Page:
Mary Connell of St. Luke’s Catholic Church in Downeyville has made sure people in the area have one less excuse for missing appointments next year, while at the same time raising money for the next phase of improvements to the Downeyville Hall.
And, all it took was 12 good men.
“A Downeyville Dozen” is a 2021 fundraising calendar featuring 12 of the area’s hardest working area men. Faced with a COVID-mandated reduction in money-generating events intended to assist with the next phase of work on the hall (as featured in this Advocate podcast), Connell and her committee got creative and looked at ways to bring in donations that didn’t originate in the hall itself.
In addition to a golf tournament, and this year’s annual beef barbecue (which became a successful drive-through event) they decided to take a chance on a calendar.
“I can assure you, the men are fully clothed. Since we are associated with the church, we are very circumspect in what we do.”
The money is earmarked for phase three of the Downeyville Hall Renovation Project. So far, the hall has seen accessibility improvements to the upstairs washrooms, and a wheelchair lift installed. In phase two, a new roof and soffit were installed by the Carroll family.
In what sounds like a throwback to the ‘good old days,’ parents, cousins, uncles, nieces and others contributed to either putting the roof on, or cooking meals in the kitchen underneath it. Phase three involves improvements to other washrooms to make them barrier-free, and updates to the kitchen and to the great room which is suitable for dances and receptions.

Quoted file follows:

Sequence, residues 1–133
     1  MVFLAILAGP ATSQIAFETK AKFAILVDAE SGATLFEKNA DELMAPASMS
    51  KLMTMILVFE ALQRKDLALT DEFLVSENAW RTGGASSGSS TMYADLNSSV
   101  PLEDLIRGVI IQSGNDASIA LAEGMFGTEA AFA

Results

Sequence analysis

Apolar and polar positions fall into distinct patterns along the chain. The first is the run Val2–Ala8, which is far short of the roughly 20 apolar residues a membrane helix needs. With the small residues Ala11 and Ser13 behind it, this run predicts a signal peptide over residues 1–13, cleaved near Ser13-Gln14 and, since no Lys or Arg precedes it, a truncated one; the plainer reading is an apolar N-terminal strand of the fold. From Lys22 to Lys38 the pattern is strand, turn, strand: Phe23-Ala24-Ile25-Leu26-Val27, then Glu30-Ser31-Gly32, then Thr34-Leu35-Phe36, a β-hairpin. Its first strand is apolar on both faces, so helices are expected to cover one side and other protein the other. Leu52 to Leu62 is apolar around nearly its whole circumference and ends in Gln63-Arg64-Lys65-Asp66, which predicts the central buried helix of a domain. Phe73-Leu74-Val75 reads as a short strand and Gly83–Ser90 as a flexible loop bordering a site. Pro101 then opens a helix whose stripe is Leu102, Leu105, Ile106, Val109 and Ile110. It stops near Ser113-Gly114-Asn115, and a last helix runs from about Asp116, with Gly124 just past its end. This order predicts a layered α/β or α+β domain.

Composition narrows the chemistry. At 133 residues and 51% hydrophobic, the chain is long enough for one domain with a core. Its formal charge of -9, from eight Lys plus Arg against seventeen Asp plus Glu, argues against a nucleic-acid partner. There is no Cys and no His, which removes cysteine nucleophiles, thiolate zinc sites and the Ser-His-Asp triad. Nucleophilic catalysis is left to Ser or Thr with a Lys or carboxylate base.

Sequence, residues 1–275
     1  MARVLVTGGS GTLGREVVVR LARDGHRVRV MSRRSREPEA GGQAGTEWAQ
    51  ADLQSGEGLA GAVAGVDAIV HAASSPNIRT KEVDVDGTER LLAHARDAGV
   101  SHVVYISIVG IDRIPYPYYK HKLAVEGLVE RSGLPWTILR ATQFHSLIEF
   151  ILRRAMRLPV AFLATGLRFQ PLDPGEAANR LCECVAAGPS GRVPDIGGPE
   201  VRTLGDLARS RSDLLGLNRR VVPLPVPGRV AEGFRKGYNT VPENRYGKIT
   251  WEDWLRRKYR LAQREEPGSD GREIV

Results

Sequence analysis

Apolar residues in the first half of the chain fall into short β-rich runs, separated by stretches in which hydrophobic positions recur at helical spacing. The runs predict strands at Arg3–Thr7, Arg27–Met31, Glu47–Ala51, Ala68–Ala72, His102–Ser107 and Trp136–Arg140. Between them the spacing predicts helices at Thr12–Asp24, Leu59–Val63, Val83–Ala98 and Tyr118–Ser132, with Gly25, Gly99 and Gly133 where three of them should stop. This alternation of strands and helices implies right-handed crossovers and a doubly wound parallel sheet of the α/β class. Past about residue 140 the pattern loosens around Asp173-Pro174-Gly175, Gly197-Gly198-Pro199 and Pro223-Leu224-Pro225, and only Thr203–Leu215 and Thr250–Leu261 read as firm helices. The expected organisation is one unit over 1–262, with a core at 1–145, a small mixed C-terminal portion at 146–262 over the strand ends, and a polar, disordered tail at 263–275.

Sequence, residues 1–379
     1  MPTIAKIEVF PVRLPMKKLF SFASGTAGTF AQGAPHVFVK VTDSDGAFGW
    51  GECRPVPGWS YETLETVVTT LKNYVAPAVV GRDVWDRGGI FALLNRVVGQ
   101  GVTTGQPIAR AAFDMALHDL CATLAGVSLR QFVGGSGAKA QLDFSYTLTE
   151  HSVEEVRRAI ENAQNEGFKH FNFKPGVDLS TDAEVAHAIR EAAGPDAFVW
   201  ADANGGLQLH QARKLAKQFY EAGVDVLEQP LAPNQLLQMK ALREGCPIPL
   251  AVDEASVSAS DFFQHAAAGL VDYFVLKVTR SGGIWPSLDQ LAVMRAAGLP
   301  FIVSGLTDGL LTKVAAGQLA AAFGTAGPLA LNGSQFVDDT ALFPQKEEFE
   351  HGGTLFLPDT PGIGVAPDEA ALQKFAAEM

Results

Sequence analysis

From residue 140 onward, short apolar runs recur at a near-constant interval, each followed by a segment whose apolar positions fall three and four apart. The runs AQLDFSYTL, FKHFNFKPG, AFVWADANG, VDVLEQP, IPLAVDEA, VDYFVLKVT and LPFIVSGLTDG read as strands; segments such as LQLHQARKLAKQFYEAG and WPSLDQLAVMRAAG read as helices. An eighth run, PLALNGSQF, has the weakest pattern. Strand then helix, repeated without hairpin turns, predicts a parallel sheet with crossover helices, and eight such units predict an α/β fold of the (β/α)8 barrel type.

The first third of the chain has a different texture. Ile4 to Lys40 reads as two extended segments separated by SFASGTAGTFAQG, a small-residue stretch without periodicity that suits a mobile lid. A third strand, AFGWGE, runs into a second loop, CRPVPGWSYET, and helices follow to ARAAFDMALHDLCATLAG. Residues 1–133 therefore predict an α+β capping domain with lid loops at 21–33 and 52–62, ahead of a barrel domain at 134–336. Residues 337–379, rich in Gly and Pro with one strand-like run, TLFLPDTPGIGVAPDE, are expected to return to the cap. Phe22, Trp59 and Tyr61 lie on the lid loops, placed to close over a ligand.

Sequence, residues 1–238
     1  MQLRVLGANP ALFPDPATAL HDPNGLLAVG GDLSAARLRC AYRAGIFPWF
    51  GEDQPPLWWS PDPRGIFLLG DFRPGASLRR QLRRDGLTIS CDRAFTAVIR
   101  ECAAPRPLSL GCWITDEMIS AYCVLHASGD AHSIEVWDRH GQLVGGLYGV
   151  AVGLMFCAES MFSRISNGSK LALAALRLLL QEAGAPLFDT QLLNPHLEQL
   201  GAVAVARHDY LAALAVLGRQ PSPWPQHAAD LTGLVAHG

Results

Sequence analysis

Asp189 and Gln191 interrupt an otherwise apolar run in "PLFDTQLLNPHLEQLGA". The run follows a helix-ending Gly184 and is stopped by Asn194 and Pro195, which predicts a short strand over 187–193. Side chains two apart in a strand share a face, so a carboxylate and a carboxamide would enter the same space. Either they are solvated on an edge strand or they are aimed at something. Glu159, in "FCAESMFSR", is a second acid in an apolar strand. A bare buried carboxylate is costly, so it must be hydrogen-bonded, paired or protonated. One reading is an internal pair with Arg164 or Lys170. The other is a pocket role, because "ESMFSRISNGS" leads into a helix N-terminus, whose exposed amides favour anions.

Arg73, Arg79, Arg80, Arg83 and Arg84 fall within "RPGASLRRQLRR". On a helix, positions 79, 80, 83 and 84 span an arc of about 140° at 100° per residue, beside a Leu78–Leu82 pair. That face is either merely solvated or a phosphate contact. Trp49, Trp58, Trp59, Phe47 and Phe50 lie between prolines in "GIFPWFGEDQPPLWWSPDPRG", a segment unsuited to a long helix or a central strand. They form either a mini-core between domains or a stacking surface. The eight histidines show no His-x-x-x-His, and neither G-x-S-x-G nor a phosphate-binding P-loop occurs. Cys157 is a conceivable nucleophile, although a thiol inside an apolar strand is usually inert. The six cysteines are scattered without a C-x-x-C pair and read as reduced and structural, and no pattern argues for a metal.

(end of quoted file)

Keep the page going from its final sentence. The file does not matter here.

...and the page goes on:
The woman behind the camera for the shoot was Ashley O’Neill, a local resident and an example of what Connell feels is the simple secret to their fundraising success.
“We identify someone in the community who can do something, and we ask them to do it.” In her case, O’Neill — who studied photography in college — volunteered to make the photos because her husband is a third generation resident and helping out is firmly ingrained in the family.
She said the men were wonderful to work with. “The guys were great sports. They almost all had a similar reaction, at first saying, ‘I don’t really want to do this.’ But, even though many were uncomfortable, they were willing to go through with it because it was for a great cause.”
Faced with the tightrope of choosing who to put in the calendar, Connell selected participants based on profession. Starting with a blue-collar theme, she made a list of occupations and went through her contacts to see who matched up. It took some arm twisting, but plumbers, farmers, firemen, EMS workers, mechanics, policemen and contractors among others are all represented.
The full-frontal coverage decision didn’t seem to hurt sales any. They’re all gone. With close to 300 copies ordered, and their fund-raising goal surpassed, plans are already in place for a 2022 calendar.